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How to Do Bookkeeping for Cash Management Success

Readers of my article “7 Proven Steps to Manage Your Cash with Ease” asked for more details.

In case you missed that article, or need a reminder, here are the steps.

1. Do Your Bookkeeping for Cash Management
2. Find Cash in Your Business
3. Make Quick Fixes
4. Work on the Big Cash Management Ideas
5. Forecast Your Quickly and Easily Cash
6. Manage Your Cash
7. See Your Results on a Dashboard

This article is an overview on how do set up your bookkeeping for cash management success.

Instead of a checklist or a “how to” article, I will tell you how a client (Rebecca) and I cleaned up the her company books. The company is “The Spa,” a high-end day spa.

(The method is from a real client, but the name and type of company are different to maintain anonymity.)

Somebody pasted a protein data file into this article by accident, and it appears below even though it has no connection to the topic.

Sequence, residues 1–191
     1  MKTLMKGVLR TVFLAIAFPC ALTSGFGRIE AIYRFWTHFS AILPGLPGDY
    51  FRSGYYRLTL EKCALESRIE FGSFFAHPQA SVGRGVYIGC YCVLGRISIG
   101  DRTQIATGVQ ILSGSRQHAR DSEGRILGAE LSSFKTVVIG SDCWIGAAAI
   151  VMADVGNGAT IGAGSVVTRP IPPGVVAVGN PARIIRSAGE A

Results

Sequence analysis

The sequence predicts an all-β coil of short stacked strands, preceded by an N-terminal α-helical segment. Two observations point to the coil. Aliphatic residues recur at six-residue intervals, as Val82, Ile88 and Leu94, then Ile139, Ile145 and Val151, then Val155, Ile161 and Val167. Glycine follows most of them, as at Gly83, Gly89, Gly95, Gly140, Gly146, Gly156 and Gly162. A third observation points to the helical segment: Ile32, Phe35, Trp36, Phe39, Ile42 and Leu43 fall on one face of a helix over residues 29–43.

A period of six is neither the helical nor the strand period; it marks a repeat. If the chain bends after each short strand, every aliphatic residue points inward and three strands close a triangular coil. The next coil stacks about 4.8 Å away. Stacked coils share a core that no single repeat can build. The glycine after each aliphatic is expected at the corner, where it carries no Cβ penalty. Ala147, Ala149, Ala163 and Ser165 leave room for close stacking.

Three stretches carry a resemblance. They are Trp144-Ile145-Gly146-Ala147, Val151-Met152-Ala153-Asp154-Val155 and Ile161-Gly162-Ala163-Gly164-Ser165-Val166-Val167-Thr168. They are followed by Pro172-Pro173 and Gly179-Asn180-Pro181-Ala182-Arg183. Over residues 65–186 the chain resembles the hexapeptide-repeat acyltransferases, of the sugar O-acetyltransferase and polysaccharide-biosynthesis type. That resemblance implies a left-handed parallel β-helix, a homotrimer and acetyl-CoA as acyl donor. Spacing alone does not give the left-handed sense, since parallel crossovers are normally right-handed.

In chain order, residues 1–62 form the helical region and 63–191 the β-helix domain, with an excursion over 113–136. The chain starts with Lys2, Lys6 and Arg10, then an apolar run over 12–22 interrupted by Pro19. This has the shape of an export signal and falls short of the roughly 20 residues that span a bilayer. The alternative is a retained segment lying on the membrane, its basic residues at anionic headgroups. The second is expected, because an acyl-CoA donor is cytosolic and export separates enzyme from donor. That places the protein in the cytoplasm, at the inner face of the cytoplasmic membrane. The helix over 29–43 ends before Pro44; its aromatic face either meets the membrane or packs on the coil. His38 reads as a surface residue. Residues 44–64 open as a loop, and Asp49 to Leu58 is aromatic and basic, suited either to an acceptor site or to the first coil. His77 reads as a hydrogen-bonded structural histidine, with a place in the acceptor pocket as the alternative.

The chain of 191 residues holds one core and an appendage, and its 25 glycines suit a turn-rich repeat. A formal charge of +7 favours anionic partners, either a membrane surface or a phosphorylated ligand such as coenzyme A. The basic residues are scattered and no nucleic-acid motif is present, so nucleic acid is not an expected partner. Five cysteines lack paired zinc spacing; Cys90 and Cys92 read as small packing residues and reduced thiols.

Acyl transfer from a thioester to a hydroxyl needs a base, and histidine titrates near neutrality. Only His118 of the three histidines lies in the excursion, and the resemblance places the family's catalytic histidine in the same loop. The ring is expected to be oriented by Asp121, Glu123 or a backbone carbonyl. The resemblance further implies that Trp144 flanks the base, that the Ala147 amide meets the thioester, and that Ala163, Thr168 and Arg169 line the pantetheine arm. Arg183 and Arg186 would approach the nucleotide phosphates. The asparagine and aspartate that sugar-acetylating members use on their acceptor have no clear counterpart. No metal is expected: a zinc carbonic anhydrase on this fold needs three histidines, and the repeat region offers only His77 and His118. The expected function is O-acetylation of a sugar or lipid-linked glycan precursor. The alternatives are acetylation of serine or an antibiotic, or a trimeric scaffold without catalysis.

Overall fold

The End in Mind

Rebecca was stuck at about $3 million in sales. Her biggest concern was running out of cash, even with a big credit line and healthy profits. 2-3 times a month she was almost out of money. She was losing sleep and her health was starting to deteriorate.

Rebecca wanted:

  • To know which products make her the most money, and if any are losing money
  • The details of her overhead costs
  • A cash management tool to set money aside and never worry about overdrafts

We talked about all of this being very doable, if:

  1. She has the right chart of accounts
  2. The books are updated weekly
  3. The transactions are recorded correctly
  4. Her bookkeeper updates accounts receivable and accounts payable each week